Monday, March 4, 2013

Working With an Architect IV

One of the most important functions of the construction documents is to provide a basis to validate an owner's project budget and to produce a refined project cost estimate. Because most owner architect agreements require interim progress reviews, it's common for the owner to request that the architect send a progress review set to his construction cost estimator to validate the project budget. A review set that is between 50% and 75% complete is usually used for this task.

The construction documents aspire to provide a high degree of detail and accuracy in order to prevent ambiguity. In a perfect world, the documents would leave no question unanswered and thus allow all bids to reviewed against the simplest possible set of criteria: capability and cost. The documents would also provide prescriptive measures for any foreseeable contingency in the execution of the contract and the building permit. We are not, of course, perfect creatures, so the fourth phase of an architect's basic services comes into play, namely bidding assistance.

The architect can provide a large range of services during this phase, under the headings of bid procurement, review and analysis. Many experienced commercial, industrial and institutional clients maintain facilities departments or have engaged property management companies to provide procurement services so this heading is often limited to residential clients and special situations. In fact, many architects are reluctant to recommend bidders because they prefer to avoid any appearance of conflict of interest no matter how negligible it might be. This is understandable because complex contract relationships exist even on relatively simple projects, and it is almost always better to keep the the lines drawn at arm's length well defined between the project participants.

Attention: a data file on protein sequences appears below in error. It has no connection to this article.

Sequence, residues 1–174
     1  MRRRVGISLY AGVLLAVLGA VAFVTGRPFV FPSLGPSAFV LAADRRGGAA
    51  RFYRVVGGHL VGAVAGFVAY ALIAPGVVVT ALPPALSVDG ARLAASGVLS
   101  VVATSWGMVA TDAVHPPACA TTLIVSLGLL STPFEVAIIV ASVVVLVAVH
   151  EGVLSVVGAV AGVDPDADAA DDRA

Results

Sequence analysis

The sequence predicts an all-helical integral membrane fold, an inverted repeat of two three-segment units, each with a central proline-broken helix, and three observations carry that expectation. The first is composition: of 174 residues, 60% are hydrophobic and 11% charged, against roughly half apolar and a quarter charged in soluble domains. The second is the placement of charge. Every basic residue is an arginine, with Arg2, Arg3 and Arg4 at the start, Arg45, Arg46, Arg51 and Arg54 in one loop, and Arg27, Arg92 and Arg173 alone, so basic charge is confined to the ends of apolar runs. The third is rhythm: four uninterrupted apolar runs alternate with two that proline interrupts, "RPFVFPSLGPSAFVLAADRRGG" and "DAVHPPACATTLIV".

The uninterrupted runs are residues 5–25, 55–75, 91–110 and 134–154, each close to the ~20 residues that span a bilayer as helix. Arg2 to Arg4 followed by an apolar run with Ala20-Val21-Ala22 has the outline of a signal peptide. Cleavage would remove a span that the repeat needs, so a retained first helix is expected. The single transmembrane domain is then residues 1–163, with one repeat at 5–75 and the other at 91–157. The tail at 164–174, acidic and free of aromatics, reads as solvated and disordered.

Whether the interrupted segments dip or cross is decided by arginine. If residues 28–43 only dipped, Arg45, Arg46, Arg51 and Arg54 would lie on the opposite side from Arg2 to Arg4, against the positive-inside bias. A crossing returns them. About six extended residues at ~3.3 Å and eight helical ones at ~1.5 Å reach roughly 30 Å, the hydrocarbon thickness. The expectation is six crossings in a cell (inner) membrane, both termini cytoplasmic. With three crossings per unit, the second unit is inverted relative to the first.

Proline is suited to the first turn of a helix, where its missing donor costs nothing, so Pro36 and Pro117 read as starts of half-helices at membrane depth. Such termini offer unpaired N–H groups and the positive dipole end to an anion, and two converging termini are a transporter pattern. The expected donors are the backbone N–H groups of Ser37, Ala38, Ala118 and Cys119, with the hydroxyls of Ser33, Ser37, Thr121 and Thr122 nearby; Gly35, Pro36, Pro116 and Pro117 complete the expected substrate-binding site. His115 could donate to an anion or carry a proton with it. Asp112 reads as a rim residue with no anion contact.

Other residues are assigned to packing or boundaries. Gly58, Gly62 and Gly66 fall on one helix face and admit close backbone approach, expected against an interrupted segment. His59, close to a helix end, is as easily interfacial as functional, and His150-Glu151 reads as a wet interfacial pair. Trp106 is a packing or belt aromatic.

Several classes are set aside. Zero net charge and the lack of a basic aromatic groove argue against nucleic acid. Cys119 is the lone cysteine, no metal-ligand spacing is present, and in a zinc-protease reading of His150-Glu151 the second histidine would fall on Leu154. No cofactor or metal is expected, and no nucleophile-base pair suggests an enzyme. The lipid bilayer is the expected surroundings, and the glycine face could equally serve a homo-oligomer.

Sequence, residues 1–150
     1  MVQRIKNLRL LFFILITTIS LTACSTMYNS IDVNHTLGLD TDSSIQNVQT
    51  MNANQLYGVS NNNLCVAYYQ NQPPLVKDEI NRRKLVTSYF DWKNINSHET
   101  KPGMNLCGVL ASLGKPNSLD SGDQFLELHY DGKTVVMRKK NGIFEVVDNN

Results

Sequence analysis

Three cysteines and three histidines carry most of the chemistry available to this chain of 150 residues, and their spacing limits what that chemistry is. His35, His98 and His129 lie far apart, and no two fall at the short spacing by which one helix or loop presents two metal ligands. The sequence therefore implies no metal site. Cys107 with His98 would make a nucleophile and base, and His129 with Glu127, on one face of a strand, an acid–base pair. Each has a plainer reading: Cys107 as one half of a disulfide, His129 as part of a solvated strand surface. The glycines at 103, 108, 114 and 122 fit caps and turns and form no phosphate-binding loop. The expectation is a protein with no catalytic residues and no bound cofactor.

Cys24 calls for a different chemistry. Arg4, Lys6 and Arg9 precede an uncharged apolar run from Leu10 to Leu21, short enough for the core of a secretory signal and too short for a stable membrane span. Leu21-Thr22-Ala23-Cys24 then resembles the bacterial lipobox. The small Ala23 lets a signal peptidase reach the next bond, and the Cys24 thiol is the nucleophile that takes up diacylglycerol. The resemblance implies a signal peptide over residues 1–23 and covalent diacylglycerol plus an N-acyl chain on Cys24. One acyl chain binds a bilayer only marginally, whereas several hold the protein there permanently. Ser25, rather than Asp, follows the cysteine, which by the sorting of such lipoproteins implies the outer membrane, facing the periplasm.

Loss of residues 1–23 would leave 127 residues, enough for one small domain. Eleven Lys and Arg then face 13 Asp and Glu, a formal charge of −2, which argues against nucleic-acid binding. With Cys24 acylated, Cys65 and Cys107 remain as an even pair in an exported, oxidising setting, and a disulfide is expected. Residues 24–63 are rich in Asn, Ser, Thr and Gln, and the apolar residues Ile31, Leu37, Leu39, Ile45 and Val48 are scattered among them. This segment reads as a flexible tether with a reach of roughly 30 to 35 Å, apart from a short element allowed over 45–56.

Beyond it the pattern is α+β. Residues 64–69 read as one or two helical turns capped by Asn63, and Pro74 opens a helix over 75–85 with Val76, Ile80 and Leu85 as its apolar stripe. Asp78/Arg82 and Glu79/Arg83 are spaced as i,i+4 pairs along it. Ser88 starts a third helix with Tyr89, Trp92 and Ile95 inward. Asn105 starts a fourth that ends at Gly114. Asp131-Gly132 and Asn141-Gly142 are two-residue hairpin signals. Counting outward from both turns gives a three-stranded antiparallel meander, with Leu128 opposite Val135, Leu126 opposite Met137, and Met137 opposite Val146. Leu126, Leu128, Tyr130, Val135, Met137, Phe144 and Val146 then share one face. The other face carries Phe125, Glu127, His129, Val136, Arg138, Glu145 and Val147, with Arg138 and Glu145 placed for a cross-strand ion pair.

Bid review is one of the most important tasks undertaken by the architect. The good architect knows the project documents intimately and can therefore recognize and assess omissions or onerous qualifications presented in order to provide a valid basis for comparison of the various bids received. Defects can be highlighted and used by the owner to make an informed decision on which bidder will be awarded the contract. Bid review also provides the opportunity to verify the scope of the project against the owner's budget and verified cost estimate. The result of the architect's assessment and analysis of the bids is called a bid recommendation. The bid recommendation will include the results of the architect's bid analysis which will clearly demonstrate how well the bidders complied with the construction documents when preparing their bid. The recommendation may also include other reasons why the recommended bidder should be considered or not, such as the architect's past experience in dealing with a particular bidder.

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